The opening of the Synod on Synodality on October 9, 2021 invites the question of what it means to be Church today and its meaning in history. This question is also at the basis of the Synodal journey that the Italian Church is setting out on, and of those in progress or beginning in Germany, Australia and Ireland.
Those who have followed the Assemblies of the Synod of Bishops in recent years have certainly seen how much diversity shapes the life of the Catholic Church. If at one time a certain latinitas or romanitas constituted and marked the education of the bishops – who, among other things, understood at least a little Italian – today diversity emerges strongly at every level: mentality, language, approach to issues. Far from being a problem, this is a resource as ecclesial communion is achieved through the real life of peoples and cultures. In a fractured world like ours, it is a prophecy.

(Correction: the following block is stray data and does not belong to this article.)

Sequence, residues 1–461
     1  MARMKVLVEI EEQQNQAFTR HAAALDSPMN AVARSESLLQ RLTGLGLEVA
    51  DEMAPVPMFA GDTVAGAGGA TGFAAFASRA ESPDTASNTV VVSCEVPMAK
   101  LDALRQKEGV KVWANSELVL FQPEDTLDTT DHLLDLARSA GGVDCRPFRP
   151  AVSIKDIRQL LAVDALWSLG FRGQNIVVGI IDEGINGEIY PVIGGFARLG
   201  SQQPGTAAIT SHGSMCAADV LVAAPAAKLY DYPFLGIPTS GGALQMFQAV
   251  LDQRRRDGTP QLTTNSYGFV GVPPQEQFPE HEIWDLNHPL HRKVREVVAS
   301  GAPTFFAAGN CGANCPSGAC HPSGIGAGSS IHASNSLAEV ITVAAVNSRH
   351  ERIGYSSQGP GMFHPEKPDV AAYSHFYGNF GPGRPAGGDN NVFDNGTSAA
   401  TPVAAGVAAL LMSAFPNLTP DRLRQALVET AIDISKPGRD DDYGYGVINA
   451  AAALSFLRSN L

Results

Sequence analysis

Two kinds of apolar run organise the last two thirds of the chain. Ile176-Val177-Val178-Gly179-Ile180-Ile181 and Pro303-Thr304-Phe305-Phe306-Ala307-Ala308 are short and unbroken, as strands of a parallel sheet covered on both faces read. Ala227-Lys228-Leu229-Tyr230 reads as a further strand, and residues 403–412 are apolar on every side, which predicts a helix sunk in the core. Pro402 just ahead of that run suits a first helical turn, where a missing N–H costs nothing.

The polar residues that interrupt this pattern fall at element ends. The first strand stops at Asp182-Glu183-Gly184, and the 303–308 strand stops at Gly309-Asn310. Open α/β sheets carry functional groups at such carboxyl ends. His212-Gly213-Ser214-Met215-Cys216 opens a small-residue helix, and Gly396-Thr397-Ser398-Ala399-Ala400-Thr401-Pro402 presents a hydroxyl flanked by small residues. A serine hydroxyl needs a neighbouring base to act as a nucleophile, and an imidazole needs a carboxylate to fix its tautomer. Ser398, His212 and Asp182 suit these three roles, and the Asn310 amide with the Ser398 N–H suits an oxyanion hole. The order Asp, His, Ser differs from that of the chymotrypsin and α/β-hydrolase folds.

We should not view the Church as a Lego set with bricks that all fit together neatly. That would be a mechanistic mage of communion. We might better think of it as a symphonic relationship, of different notes that together give life to a composition. If we were to take the image further, I would say that it is not a symphony where the parts are already written and assigned, but more like a jazz concert, where one follows the inspiration shared in the moment.